Smile on, voice down. Every face turns towards mine. Their stares get me on my feet , but I have half a mind to walk the other way, to be the guy on the park bench, drinking it all away. Instead I step forward and vow not to give all those gawking faces another show. "How may I help you, sir?" "Good morning, I-" "Good afternoonâ€?. It's a minute past one. A plate on the glass tells me that this woman is 'Meira Satrapi, happy to help!'. "Yes, good afternoon, anyway, I was wondering if I could ask you for a favour." "Yes, you may use the bathroom." "That's not really-" she guffaws heartily, and I cannot stop staring at the way her chins sway sideways as she laughs. They vibrate like chocolate puddings with glucose. "You'd better just say what you're here for, and I'll see what I can do." "I'm meant to do military service, only I really wanted to get a degree first, so if you could get me a deferral, that would be great." "Of course!" This massive animal of a woman scurries about between cabinets and returns with a form. "Give me your acceptance letter to verify, and fill this out please." She turns away. "NO!" The impact of my palms with the glass make the cubicle tremble in fear, while making Meira tremble with rage. Heavy breathing and slits for eyes, she pushes up against the glass as well. I am breath to nostril with an asthmatic hippo. "Excuse me!?" "I'm sorry, I just can't give you the acceptance letter yet."
She says nothing. She has a vein on her forehead that's twitching angrily. I rack my brain for something suave to say, anything, but it's not open today, it seems. "It's one of those situations where they won't accept me until I have a deferral." As far as hippos go, Meira has flair. She reaches for the intercom button with vengeful pleasure. "Number 332 to desk four, please." I guess that's my cue to go. There's a supermarket across from the embassy. I find the lady without passport sitting in front of it with a bottle of sherry in one hand, beckoning me closer with the other. She passes the bottle. "I heard you got what you deserved." She looks at me like she's daring me to stand up for myself. She can say what she likes for all I care. . I'll just drink. "That wasn't right, what you did to that child, not right at all." "She was damn annoying." "Yeah, and you made it worse, you asshole." "Whatever." "What was it you wanted, anyway?" "To go to university." "Really? You don't seem like the type." "To defer military service." "Coward. Why do you have military service if you live here?" "I haven't lived here long enough." "You made a run for it, is that about right?" "Yeah, that's about right."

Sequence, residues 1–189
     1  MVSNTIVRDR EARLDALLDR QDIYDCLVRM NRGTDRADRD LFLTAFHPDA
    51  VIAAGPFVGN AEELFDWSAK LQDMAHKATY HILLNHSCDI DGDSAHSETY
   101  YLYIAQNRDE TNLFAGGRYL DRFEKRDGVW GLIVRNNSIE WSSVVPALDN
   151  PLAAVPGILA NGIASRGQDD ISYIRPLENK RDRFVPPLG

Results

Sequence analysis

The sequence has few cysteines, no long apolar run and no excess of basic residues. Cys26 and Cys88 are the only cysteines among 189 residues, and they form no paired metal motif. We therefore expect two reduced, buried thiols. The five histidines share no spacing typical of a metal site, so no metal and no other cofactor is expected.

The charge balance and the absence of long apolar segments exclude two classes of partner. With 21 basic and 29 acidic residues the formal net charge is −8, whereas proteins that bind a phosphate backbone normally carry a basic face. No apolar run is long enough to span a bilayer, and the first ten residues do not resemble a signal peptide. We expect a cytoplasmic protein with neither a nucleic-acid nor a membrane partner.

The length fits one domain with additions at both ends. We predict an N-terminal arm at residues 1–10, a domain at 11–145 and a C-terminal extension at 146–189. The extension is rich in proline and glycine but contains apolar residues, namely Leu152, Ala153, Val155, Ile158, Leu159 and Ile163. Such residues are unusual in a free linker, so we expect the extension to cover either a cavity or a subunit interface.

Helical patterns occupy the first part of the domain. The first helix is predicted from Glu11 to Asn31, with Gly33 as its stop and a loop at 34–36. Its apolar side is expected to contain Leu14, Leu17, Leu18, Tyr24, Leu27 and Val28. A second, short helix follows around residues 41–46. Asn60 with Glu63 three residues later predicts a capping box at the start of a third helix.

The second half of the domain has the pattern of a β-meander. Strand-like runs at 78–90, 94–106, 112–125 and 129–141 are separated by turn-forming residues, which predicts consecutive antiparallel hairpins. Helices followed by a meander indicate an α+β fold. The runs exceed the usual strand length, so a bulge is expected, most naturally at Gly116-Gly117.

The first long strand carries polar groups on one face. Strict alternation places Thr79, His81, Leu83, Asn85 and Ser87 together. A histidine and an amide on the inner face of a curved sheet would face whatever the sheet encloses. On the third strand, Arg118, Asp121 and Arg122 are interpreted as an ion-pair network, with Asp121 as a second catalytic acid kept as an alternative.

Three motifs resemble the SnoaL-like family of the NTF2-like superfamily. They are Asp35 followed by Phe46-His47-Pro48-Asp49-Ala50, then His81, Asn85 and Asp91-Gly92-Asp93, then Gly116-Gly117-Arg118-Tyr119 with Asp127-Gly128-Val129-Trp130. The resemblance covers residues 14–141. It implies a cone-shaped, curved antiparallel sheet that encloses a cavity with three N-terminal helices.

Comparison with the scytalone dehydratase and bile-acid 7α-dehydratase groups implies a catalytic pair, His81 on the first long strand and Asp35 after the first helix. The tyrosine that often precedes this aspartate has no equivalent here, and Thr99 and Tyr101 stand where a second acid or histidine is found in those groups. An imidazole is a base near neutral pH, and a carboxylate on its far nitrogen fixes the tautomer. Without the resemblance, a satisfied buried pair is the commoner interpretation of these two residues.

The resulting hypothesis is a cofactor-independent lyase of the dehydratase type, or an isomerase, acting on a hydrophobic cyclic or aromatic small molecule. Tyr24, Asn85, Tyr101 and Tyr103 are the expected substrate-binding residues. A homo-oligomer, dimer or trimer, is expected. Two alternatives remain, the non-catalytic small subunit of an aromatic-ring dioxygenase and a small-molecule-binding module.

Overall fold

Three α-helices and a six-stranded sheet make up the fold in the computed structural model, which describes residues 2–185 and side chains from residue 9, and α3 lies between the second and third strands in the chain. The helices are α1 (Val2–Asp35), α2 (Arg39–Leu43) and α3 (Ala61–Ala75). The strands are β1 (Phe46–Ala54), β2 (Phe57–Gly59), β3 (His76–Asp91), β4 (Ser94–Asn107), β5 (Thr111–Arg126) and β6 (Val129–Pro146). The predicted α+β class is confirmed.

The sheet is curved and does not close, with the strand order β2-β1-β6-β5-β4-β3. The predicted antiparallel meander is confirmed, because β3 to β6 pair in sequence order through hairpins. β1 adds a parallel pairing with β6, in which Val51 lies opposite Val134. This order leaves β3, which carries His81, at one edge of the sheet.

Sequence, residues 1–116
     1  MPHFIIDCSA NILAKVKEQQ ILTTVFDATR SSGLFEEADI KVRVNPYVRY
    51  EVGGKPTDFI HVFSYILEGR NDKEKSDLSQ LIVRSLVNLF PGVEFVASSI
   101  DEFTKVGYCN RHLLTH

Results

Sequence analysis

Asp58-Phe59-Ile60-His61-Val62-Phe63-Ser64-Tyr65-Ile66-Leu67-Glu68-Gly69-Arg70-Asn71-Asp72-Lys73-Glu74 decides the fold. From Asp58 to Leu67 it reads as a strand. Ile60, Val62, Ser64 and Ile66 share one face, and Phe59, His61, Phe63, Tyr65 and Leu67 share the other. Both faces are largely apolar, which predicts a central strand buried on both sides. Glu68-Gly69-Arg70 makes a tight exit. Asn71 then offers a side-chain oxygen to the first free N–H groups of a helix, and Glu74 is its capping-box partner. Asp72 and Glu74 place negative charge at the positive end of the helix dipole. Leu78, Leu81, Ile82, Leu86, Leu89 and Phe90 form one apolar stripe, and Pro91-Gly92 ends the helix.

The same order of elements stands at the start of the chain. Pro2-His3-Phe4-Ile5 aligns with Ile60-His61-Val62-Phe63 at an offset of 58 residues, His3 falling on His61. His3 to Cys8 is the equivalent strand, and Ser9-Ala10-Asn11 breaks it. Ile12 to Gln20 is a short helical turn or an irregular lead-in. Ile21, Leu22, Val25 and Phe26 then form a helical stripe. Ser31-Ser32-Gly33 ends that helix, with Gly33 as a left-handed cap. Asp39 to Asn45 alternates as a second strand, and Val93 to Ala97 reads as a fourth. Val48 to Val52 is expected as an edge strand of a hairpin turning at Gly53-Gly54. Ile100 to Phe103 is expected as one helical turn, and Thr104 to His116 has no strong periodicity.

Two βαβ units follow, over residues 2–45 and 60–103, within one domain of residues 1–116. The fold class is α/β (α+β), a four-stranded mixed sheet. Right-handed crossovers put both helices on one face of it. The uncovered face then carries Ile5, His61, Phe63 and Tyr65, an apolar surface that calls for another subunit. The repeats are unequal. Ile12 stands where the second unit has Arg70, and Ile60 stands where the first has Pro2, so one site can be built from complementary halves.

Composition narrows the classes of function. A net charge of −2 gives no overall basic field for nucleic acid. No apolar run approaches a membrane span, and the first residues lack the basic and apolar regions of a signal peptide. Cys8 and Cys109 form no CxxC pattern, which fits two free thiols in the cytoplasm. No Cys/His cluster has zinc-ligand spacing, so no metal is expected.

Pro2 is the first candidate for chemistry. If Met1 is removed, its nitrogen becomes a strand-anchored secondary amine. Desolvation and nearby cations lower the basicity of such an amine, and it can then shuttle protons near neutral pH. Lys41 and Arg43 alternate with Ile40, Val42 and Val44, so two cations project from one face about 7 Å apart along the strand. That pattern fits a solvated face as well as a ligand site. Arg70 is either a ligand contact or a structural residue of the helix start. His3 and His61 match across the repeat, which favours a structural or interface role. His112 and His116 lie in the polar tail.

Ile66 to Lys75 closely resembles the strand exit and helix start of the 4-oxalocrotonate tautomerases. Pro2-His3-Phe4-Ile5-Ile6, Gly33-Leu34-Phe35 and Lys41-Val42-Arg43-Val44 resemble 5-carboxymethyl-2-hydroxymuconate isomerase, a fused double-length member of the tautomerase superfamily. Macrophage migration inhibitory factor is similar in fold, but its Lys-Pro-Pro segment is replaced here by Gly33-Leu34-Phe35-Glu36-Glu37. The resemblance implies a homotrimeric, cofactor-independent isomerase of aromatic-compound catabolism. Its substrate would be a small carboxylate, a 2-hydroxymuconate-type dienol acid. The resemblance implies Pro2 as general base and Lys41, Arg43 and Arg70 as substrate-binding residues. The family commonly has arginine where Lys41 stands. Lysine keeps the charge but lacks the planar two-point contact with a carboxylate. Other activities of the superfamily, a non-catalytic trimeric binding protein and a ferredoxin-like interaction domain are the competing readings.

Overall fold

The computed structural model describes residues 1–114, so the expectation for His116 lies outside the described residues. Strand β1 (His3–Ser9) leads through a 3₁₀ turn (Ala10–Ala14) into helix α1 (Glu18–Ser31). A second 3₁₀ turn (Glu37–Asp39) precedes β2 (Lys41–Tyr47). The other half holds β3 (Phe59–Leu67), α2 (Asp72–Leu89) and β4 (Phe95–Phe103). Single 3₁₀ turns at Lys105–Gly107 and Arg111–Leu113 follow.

"Oh man, they would beat the shit out of you wouldn't they?" She giggles like she relishes the thought. I pass her the bottle to shut her up. She does, for the time being. We watch the cars pass around us, and I stress about where to stay tonight, and tomorrow and the day after, and whether or not my father will tell my mother that I slept with his step-daughter and whether or not I can ever go back home. And then I stop and watch the cars go by. A fast-food-filled pigeon wobbles across the street and gets hit by a car. I wish I could say that his insides lay splattered triumphantly across three lanes, and that the driver won't sleep without seeing the face of a disembodied pigeon face against his eyelids, but that's not true. The pigeon is a smear on one tire and one lane, and the driver only felt a bump. I feel like a smear on my father's tire, eighteen years after the fact . The old lady is looking me over. "What?" "Where do you want to be? Here or in Iran?" She's sitting up straight for the first time today. "Iran, but that's not really an option anymore." "Canâ€™t you stay here?" "Not really." "I know a way. But it depends on how desperate you are." "As of today, I am homeless in a country where I don't know a single soul. I can't go home, because I evaded military service. I can't really get more desperate. What've you got, old lady?" "I'm Azita." "Jason. I thought somebody just called you Sira inside?" "That's also my name. A name. Jason, I've never done it this way before, so just bear with me." She waits to see if I am focused, and then rushes into a quick series of whispers. She tells me she's an identity thief. "Really?"